What I ended up doing was falling back to my original idea for capturing content from iOS. One handy feature on macOS is that the QuickTime Player app lets you record the screen of an iOS device connected via Lightning, essentially treating it as a camera. With your device connected, simply launch QuickTime Player and choose New Movie Recording.

Then use the drop down arrows next to the Record button to set both your camera and your microphone to your iOS device. Now you have video and audio from your iOS device coming through your Mac. (You may need to adjust the volume settings in QuickTime Player or on your device in order to get them to the right level.)

QuickTime Player
Capturing via QuickTime Player lets you get both video and audio from your iOS device into your Mac.

That gets both video and audio in, but getting them to the stream requires a few extra steps. The good news is that the video is easily captured using the trusty old Window Capture option in Streamlabs OBS and selecting the QuickTime Player window; essentially you’re just screen recording it. (Just make sure to tuck the QuickTime window behind the Streamlabs OBS window so you don’t accidentally mouseover the video and have the playback controls show up in your stream. You can’t, unfortunately, hide the window, because the system then can’t seen the window to capture.)

Audio is a little trickier, but now that it’s actually coming out of an app on your Mac, I could turn to my standby tools to grab the audio from QuickTime Player. I used Rogue Amoeba’s Loopback (yes, it’s pricey, but it’s easy to use and gets the job done) to create a virtual device that captures the audio from QuickTime Player, then I add a Audio Output device to Streamlabs and select that new output.

Rogue Amoeba’s Loopback makes it easy to turn any app’s audio into a virtual input device.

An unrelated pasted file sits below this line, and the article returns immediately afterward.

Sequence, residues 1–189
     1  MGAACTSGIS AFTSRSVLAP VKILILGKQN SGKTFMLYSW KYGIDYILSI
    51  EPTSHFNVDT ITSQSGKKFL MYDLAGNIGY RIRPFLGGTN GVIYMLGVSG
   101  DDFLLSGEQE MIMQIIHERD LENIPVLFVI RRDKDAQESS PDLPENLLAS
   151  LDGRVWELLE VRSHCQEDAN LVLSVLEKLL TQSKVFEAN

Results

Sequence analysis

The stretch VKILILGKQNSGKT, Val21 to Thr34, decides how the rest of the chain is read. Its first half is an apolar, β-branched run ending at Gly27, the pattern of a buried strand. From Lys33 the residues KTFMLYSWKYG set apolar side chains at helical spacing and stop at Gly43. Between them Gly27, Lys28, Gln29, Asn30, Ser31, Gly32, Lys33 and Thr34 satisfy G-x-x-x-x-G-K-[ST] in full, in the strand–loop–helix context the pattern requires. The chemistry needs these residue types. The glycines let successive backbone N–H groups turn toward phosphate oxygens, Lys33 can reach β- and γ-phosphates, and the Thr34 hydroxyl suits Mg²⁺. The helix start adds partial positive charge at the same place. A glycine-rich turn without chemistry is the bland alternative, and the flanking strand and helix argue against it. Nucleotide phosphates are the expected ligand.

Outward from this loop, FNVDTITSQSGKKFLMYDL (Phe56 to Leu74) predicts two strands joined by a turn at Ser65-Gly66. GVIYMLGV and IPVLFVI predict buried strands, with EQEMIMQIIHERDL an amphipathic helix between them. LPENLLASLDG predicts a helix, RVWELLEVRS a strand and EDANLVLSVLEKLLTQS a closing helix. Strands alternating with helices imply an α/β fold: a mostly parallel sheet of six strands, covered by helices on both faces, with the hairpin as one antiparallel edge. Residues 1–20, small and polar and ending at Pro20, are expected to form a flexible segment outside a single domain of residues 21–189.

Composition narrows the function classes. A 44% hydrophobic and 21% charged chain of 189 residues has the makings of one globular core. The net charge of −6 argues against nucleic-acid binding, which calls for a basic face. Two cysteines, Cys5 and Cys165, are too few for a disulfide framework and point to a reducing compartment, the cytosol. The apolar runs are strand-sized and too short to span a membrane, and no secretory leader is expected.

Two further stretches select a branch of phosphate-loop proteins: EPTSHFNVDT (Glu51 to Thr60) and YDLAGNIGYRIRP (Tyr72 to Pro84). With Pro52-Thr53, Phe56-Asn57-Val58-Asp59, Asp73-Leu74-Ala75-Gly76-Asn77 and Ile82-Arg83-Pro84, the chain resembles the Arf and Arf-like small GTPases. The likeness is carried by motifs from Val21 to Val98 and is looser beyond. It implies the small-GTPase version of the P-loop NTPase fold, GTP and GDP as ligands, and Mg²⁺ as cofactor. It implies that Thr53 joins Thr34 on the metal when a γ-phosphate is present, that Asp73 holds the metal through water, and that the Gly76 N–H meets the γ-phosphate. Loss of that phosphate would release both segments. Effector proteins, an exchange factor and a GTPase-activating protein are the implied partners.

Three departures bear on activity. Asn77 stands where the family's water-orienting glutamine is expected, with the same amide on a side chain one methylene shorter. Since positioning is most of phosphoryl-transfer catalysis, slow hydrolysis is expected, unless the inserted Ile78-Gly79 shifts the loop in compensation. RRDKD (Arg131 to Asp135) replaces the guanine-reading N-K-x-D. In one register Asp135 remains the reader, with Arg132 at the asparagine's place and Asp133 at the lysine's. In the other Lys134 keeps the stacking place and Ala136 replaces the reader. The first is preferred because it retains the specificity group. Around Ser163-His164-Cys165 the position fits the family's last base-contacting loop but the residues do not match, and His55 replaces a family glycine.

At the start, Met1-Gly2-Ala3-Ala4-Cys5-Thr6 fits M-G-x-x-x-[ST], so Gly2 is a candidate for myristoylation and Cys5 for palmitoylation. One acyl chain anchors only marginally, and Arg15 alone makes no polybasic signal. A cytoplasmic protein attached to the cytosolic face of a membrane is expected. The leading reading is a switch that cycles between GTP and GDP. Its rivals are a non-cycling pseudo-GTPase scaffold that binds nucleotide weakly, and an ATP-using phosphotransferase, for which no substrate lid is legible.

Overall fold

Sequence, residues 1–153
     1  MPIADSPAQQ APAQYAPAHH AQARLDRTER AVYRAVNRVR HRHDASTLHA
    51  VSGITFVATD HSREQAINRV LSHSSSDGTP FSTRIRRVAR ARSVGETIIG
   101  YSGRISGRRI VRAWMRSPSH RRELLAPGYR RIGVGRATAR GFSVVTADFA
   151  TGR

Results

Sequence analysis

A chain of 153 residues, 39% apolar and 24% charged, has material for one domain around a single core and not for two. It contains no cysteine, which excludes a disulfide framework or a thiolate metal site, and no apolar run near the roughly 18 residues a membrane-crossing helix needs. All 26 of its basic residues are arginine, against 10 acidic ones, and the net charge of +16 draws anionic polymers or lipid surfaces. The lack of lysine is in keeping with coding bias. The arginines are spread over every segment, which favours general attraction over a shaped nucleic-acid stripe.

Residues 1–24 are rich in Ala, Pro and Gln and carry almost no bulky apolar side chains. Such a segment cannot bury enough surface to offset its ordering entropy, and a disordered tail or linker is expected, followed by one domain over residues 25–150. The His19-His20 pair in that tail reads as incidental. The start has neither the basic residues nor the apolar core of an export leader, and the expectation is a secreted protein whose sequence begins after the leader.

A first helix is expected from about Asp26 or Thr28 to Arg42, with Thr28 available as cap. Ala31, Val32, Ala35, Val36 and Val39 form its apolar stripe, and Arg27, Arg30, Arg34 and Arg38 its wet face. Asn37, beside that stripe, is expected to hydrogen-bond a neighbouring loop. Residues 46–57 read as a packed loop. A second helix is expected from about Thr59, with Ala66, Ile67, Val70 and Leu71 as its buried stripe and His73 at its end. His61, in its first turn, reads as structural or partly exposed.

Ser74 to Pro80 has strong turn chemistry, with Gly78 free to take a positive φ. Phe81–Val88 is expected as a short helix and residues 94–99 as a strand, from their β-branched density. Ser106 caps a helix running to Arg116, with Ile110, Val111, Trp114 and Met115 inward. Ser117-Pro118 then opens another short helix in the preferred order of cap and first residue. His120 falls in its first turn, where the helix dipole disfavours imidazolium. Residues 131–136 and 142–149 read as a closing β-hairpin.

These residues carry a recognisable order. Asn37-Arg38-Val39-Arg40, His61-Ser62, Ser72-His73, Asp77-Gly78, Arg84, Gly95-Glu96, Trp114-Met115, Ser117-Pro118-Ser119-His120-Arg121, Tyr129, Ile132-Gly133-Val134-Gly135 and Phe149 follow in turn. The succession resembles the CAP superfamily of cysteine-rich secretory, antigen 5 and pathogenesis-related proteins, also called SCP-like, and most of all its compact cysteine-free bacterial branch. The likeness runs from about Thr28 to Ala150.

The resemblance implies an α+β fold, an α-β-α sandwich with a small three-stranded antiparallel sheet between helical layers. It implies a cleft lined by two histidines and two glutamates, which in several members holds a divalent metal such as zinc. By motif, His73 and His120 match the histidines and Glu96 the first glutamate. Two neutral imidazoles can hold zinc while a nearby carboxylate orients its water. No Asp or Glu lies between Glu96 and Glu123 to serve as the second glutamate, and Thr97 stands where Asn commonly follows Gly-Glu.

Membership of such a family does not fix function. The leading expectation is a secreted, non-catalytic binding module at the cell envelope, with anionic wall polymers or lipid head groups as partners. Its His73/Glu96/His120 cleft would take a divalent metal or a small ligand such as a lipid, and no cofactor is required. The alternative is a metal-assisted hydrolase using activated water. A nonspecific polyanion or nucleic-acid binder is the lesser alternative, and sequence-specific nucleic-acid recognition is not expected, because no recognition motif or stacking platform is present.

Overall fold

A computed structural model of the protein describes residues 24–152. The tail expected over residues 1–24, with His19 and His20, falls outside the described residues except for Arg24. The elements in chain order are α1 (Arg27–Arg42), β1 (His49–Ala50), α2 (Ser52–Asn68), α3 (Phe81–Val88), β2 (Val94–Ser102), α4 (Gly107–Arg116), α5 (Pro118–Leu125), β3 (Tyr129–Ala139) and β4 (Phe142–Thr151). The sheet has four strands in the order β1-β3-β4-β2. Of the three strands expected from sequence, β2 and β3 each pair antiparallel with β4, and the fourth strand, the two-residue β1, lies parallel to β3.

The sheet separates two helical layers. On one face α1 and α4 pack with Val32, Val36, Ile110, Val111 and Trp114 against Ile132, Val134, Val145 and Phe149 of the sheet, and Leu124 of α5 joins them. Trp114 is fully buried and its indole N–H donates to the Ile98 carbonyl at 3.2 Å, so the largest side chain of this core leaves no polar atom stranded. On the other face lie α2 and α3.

I could mix the audio from QuickTime Player along with my microphone and the people with whom I’m playing over Zoom to create a single audio output, but having QuickTime Player broken out separately lets me adjust the volume for the game independently in the streaming app, giving me more control over the whole mix.

And finally I had my capture and streaming setup the way I wanted it.

A demo of the basic capture setup, as shown in standard OBS.

Elegance in its sheer simplicity (almost)

But I can’t help but feeling like my solution is kind of a kludge. This setup could be so much more elegant, if Apple took the time to address the issue of not being able to capture audio and video at the same time (unless you’re QuickTime Player, apparently).

Using window capture works, but it comes with its share of quirks, such as the mouseover problem I mentioned above, or the fact that resizing the window automatically resizes it in the streaming app (because it’s literally capturing the window, instead of just taking a video feed at a specified resolution). And, of course, audio capture requires an expensive piece of software—no offense to the folks at Rogue Amoeba, who have been making this easy for so long—but this seems like a case where all the pieces are there, but Apple just has to make some adjustments.

I would be remiss if I didn’t mention that there is actually streaming support built into iOS itself. However, iOS’s limitations in multitasking and audio routing mean that you can’t really do beyond streaming whatever app you’re running and your microphone.2 For the kind of setup I’m doing, chatting with multiple players and mixing that audio in with a game, it’s basically a non-starter.

Streaming is getting more and more popular—and with the pandemic in the mix, even more people are turning to it for their own entertainment or to entertain others. It would be great to see Apple lower the barrier to entry for those who’d love to give it a try.

  1. For reference, I’m using a 2017 5K Retina iMac, with 32GB of RAM, a 4.2GHz Quad-Core i7, and a Radeon Pro 580 8GB graphics card. Not top of the line, but not too shabby. 
  2. Which means if you want quality any better than what your iOS device’s built-in mic offers, you have to find an external mic that’s compatible with your device. 

[Dan Moren is the East Coast Bureau Chief of Six Colors. You can find him on Twitter at @dmoren or reach him by email at The latest novel in his Galactic Cold War series of sci-fi space adventures, The Nova Incident, is available now.]